May 5, 2014

Tales from the Attic: A toast to the humanities

From our overstocked archives

Sam Smith, 1986 - I was asked to give a toast at the fifth anniversary celebration of the DC Community Humanities Council, which I had helped to found. It was the last humanities council to be created by the National Endowment for the Humanities, after that for Guam, the Virgin Islands and Puerto Rico. Here is what I said:

Five years ago the DC Community Humanities Council was formed, charged with the diffusion of ideas, the encouragement of thought and the inspiration of rational discourse within this our nation's capital. This was a little like trying to sell Bibles in a brothel, and I think that any fair assessment of what has occurred around us since we began would indicate that we have failed miserably. The best efforts of the council and its sainted staff have failed to halt a national and local stampede towards what is perhaps the most anti-humanistic era of our lifetimes.

It is an era, to be sure, not without ideas and a sense of history but what ideas and what history. It's as if the worst of the past had been resyndicated and put on Channel 20, with none of the other stations working. We draw from the economics of Morgan, Mellon and the British East India Company, the morality of Comstock, the civil liberties of Palmer and McCarthy, the civil rights of Tara, the lifestyle of Babbitt and Gatsby, the religion of Gantry, the political ethics of Teapot Dome, the business ethics of Ponzi, the gentleness of Nietzsche, the altruism of Ayn Rand, the ecological sensitivity of General Sherman, the spiritualism of Warren Gameliel Harding, the imagination of Rutherford Hayes the brilliance of Franklin Pierce, the expressiveness of Calvin Coolidge and the evolutionary theories of William Jennings Bryan.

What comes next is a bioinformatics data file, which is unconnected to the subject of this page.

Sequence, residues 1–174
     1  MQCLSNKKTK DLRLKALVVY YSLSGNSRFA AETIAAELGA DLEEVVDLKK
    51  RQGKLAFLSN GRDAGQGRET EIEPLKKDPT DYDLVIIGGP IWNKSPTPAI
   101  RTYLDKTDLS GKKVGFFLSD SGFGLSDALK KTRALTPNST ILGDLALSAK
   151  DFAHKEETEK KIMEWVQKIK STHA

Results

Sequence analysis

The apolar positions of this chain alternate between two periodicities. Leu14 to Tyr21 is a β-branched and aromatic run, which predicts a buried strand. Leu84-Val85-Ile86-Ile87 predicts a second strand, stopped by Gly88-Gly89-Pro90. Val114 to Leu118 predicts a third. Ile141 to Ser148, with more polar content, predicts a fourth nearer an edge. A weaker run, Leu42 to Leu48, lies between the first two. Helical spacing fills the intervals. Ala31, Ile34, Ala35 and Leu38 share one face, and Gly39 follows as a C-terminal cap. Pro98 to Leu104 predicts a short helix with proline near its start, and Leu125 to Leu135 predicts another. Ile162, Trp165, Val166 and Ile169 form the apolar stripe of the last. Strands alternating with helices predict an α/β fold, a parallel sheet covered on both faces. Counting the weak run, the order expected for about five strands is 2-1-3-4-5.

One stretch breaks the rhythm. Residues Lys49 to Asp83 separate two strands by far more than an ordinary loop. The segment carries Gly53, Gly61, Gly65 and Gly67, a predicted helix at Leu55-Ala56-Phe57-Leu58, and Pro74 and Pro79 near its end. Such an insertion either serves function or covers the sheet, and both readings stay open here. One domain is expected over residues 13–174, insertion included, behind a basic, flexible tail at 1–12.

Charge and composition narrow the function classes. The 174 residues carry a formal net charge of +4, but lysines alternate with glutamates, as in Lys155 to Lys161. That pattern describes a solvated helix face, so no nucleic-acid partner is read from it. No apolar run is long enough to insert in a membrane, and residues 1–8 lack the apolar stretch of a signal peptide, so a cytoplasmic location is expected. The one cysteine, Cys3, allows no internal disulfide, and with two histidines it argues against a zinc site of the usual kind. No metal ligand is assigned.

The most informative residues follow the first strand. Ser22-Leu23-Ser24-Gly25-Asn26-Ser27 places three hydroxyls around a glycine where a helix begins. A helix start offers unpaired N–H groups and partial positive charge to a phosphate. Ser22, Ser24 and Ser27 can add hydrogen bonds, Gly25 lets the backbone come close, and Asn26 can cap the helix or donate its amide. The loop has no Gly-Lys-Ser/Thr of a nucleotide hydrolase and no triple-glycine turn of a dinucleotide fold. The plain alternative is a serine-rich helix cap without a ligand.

We have become the first society to know more about the external world than we do about ourselves. And now we even seem to be losing the ability to talk or write about the problem.

It is an era in which, like the fifties, the man in the gray flannel suit is in the ascendancy, but unlike the fifties, when he was viewed with the ambivalence that economics forces upon us, he or she is now a cultural role model, and, unbelievably, even considered hip, charismatic and sexy.

And it is an era in which we know how to promote, facilitate merge, network, manage, integrate, finalize and bottom line, but are losing the ability to make or to create. I have a nightmare that one day the country will awake and discover that there is nothing to manage, finalize and facilitate. There will be no one left to build anything.

So we have failed -- here in the jaws of the lion -- but I would argue that given the powers arrayed against the humanistic ideal, failure has been the only sane and honorable course. And the failure, one hopes, is only temporary. Long ago, John Locke warned of the constant decay of ideas, and how they must be "renewed by repeated exercises of the senses." If not, "the print wears out, and at last there remains nothing to be seen."

The print is fading, but, thanks in part to this band of happy humanistic warriors, it could have been a lot worse. It has engaged in repeated exercise of the senses with an integrity, decency, fairness, sensitivity and good humor rarely seen in this town anymore. In a city that is obsessed with style, it is one of the few real class acts. So a toast to the Council for all it has done and will do and to the humanistic spirit. May we live to see it once more

1 comment:

Anonymous said...

I enjoyed reading this article.

Where the heck was I back in 1986? It wasn't until just a few years ago that I learned that some people actually took Ayn Rand seriously. That there people who watched Wall Street and saw something to emulate. And that there were actually people, now living, that did not accept Evolution as a valid scientific theory.

Not only did I enjoy this article, I appreciate your ability to formulate thoughts in such a way that might be inspiring to people on the 'left', and possibly learning tools for others.